Evan Lima


Having a child is both an exciting and overwhelming time for parents (Wigert et al., 2006; Cooper & Pells, 2015). While having a child is an exciting time, approximately 10% of infants are born prematurely and admitted into the Neonatal Intensive Care Unit (NICU), with additional infants being admitted for other reasons (e.g., sickness, low birth weight, etc.) (March of Dimes, 2015). Overall, parents of children admitted to the NICU have consistently reported experiencing lower quality of life than prior the their child being admitted to the NICU (Rosenbaum et al., 2011). Previous research has found anxiety, depression, and posttraumatic stress disorder to negatively moderate parental quality of life (Shaw et al., 2006; Vanderbilt et al., 2009; Fonseca et al., 2012). Additionally, research points to three potential moderators of parental quality of life of parents whose child has been admitted to the NICU, (1) spirituality, (2) coping, and (3) social support (Kim et al., 2008; Hexen et al., 2011; Lavasani et al., 2011). The current study aims to further explore quality of life among parents whose child is admitted to the NICU by investigating potential moderators of change in parental quality of life over the NICU stay. Specifically, we aimed to (1) investigate the change, overt time, in the quality of life in parents of children in the NICU, and (2) to investigate potential moderators of the quality of life in parents of infants in the NICU. Data was collected from parents who had an infant admitted to the Loma Linda University Children’s Hospital NICU. We conducted a paired sample t-test to assess change in parental quality of life over time. We conducted multiple moderation analyses to assess (2a) spirituality, (2b) social support, (2c) coping style, and (2d) overall severity of infant illness as moderators in parental quality of life over time. Results indicated that parental quality of life does not change significantly, over time, when their infant was in the NICU (p > .05). Results also indicated that none of the assessed moderators significantly moderated parental quality of life over time, when their infant was in the NICU (p > .05).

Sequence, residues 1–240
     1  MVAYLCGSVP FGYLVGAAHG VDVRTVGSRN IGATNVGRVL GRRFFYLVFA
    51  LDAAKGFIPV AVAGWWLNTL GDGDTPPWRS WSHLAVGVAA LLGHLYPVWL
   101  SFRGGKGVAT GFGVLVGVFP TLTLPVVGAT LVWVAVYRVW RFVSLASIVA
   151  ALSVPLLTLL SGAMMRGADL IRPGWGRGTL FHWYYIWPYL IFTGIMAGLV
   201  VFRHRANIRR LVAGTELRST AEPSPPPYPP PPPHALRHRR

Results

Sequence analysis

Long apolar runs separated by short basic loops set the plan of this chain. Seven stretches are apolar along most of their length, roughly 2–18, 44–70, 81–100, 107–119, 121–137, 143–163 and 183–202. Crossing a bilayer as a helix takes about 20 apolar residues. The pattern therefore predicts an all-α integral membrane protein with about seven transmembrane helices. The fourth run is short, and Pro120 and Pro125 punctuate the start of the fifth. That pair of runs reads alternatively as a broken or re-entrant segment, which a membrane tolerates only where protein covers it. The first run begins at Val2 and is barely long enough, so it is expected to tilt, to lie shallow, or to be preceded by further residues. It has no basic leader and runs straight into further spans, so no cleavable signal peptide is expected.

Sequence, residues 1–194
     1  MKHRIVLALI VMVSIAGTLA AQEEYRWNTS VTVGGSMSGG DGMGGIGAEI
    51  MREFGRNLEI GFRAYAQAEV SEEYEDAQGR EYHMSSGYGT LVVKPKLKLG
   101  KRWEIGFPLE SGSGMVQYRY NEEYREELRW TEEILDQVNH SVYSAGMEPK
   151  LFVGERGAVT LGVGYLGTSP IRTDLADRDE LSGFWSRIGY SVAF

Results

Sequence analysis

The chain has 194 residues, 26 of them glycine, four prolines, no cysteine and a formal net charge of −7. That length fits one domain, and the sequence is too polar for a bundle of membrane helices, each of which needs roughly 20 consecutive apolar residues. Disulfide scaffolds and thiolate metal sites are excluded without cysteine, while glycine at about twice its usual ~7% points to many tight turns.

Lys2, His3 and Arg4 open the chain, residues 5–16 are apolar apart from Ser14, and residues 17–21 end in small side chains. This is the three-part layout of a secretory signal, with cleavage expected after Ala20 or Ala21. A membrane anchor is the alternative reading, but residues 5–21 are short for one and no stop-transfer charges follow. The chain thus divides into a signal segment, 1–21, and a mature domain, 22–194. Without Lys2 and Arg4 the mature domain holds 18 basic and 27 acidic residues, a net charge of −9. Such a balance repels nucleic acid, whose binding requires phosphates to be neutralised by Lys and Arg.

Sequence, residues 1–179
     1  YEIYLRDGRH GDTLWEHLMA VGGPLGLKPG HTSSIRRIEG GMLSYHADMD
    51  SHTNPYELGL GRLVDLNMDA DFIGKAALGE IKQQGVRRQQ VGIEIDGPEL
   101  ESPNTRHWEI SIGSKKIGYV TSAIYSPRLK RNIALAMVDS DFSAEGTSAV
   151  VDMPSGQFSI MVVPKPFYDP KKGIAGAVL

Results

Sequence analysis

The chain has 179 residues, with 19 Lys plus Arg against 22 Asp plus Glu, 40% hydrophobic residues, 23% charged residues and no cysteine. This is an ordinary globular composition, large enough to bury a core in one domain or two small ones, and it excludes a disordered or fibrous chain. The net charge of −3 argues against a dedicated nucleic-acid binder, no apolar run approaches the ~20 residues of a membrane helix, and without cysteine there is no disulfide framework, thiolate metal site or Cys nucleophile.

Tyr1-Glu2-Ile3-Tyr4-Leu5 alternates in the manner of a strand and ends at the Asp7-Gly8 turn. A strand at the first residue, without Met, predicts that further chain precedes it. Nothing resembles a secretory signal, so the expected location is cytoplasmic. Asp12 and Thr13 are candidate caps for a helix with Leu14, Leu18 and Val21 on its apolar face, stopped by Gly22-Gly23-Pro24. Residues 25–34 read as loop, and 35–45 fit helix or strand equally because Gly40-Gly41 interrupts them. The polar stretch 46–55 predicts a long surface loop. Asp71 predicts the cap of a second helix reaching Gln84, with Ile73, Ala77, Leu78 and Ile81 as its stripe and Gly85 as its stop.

LLU Discipline

Clinical Psychology




School of Behavioral Health

First Advisor

Neece, Cameron L.

Second Advisor

Aréchiga, Adam L.

Third Advisor

Ballinger, Rebecca E.

Fourth Advisor

Tagge, Edward P.

Fifth Advisor

Vermeersch, David

Degree Name

Doctor of Philosophy (PhD)

Degree Level


Year Degree Awarded


Date (Title Page)




Library of Congress/MESH Subject Headings

Intensive Care Units; Neonatal; Stress; Psychological; Mental Health; Parenting - Psychology; Quality of Life;

Subject - Local

Stress; Depression; Parenting; Parental Mental Health



Page Count


Digital Format


Digital Publisher

Loma Linda University Libraries

Usage Rights

This title appears here courtesy of the author, who has granted Loma Linda University a limited, non-exclusive right to make this publication available to the public. The author retains all other copyrights.


Loma Linda University Electronic Theses and Dissertations

Collection Website


Loma Linda University. Del E. Webb Memorial Library. University Archives